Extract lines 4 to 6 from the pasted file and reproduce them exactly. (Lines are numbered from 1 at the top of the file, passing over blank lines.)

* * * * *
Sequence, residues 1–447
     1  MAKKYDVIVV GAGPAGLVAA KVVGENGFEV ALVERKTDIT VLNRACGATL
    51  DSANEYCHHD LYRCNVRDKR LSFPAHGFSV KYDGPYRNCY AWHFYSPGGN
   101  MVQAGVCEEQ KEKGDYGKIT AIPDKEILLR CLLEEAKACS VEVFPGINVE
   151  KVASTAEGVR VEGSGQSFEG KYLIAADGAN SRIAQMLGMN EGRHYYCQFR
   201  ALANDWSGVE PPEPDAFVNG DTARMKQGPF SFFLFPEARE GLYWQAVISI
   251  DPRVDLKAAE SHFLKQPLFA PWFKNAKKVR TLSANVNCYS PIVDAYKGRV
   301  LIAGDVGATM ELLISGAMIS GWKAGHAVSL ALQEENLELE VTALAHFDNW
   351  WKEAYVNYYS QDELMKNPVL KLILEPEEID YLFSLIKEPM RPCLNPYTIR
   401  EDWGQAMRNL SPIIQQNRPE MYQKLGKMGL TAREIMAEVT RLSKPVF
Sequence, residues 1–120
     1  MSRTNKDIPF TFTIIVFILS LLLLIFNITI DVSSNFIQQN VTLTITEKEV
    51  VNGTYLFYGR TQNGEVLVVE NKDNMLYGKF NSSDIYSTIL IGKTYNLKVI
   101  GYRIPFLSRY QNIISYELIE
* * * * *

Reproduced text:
   101  MVQAGVCEEQ KEKGDYGKIT AIPDKEILLR CLLEEAKACS VEVFPGINVE
   151  KVASTAEGVR VEGSGQSFEG KYLIAADGAN SRIAQMLGMN EGRHYYCQFR
   201  ALANDWSGVE PPEPDAFVNG DTARMKQGPF SFFLFPEARE GLYWQAVISI